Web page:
The Commerce Department plans to use valuable input and feedback from the private sector offered during its Open Data Roundtable meetings to ensure that the data sets it publishes directly benefit the US economy, said a top official at the department. "We know that only by listening to the business community, partnering with industry, and collaborating with fellow government agencies can we best serve our customers and unleash the full power and potential of open data," Bruce Andrews, the department's acting deputy secretary, wrote in a blog this month.
The department's 12 agencies produce vast amounts of data on trade, economic development, technology, and other areas, outstripping other departments that have major statistical agencies. Commerce agencies that crunch big data include the National Oceanographic and Atmospheric Administration, the Census Bureau, the Patent and Trademark Office, and the Bureau of Economic Analysis.
For that reason, Commerce can boast that it is "America's Data Agency," he said. "Our data collection literally reaches form the depths of the ocean to the surface of the sun."
That's no hollow boast, either. For example, NOAA assimilates 19 terabytes of data every day, which is twice the data of the entire printed collection of the Library of Congress. But the sheer volume of the weather-related data means that the department can only make two terabytes a day easily available. Nevertheless, that small fraction of NOAA data powers a multi-billion dollar weather enterprise in the private sector.
[The government also has to deal with data security. Read Sensitive Data Protection Bedevils IT Security Pros.]
The Open Data Roundtable is a collective effort by Commerce, the White House Office of Science and Technology Policy, and New York University's GovLab. So far the Commerce Department has received direct input on how it can improve its open-data infrastructure from 24 companies from all sectors of the US economy selected from the Open Data 500. GovLab's Open Data 500 is a list of US-based companies that routinely use open government data as a key business resource.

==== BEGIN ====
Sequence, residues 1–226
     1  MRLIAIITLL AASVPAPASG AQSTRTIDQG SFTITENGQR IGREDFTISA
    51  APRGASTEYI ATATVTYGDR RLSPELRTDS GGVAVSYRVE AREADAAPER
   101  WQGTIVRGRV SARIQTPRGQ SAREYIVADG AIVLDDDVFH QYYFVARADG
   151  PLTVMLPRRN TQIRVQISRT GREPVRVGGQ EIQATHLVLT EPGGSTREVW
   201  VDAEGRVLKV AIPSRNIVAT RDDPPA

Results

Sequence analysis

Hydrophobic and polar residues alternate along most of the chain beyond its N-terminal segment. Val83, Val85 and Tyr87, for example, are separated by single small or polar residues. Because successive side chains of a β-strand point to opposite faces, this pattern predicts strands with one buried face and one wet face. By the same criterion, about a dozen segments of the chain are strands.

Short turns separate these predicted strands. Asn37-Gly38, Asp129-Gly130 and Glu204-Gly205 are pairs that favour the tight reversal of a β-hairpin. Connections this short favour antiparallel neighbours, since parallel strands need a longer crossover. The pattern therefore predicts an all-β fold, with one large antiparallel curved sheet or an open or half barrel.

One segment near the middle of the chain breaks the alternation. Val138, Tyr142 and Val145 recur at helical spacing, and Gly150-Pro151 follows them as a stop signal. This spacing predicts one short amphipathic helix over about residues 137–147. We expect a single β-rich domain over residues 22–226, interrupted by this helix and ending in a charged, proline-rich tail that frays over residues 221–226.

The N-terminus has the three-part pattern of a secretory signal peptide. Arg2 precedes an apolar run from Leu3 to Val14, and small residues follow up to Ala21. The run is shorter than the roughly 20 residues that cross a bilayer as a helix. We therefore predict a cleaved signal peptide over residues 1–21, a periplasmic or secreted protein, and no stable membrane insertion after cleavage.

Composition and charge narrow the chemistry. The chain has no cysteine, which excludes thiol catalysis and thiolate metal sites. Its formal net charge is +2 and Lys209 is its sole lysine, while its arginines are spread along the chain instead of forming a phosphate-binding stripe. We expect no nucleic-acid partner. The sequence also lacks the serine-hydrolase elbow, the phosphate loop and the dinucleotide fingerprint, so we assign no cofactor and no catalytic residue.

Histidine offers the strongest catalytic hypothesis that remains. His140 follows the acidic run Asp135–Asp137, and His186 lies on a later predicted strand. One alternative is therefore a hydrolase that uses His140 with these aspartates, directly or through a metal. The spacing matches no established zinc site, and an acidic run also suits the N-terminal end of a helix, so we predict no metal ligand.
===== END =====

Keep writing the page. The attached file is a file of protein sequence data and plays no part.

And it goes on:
"Our goal is to unleash even more government data to help business leaders make the best possible decisions, while creating fertile ground for more startups," Andrews said.
In the first roundtable on June 19, the participants focused in the morning on five critical areas: weather and climate data, geospatial and mapping data, economic and demographic data, technology and data management, and intellectual property, Joel Gurin, a GovLab senior advisor and project director said in a June 24 blog.
Afternoon breakout groups discussed issues relevant to all Commerce agencies, such as data inventories, data interoperability, public-private partnerships, and channels for feedback from data users. Gurin said the roundtable facilitators currently are synthesizing the feedback from the June 19 roundtable and will extract the most important issues and proposed solutions for further discussion and eventual action.
The roundtables are part of Commerce's larger Open for Business initiative through which it seeks to leverage its open data to catalyze the emergence of new businesses, products, and services. Department officials have vowed to lead the development of open-data frameworks and standards that improve data access, discovery, and analysis, while continuing to protect privacy and security.
Commerce has three different types of open data sets: raw data, geospatial data, and data tools. Raw data is offered as platform-independent, machine-readable data in a variety of formats. Geospatial data includes both raw datasets and geospatial tools. The data tools include widgets and data-mining and extraction tools, applications, and services.
By transforming the feedback and guidance it receives from its data customers in the private sector at the roundtable meetings, Andrews said the Commerce Department hopes to develop an open-data system "that will outlast any single administration."
InformationWeek's June Must Reads is a compendium of our best recent coverage of big data. Find out one CIO's take on what's driving big data, key points on platform considerations, why a recent White House report on the topic has earned praise and skepticism, and much more.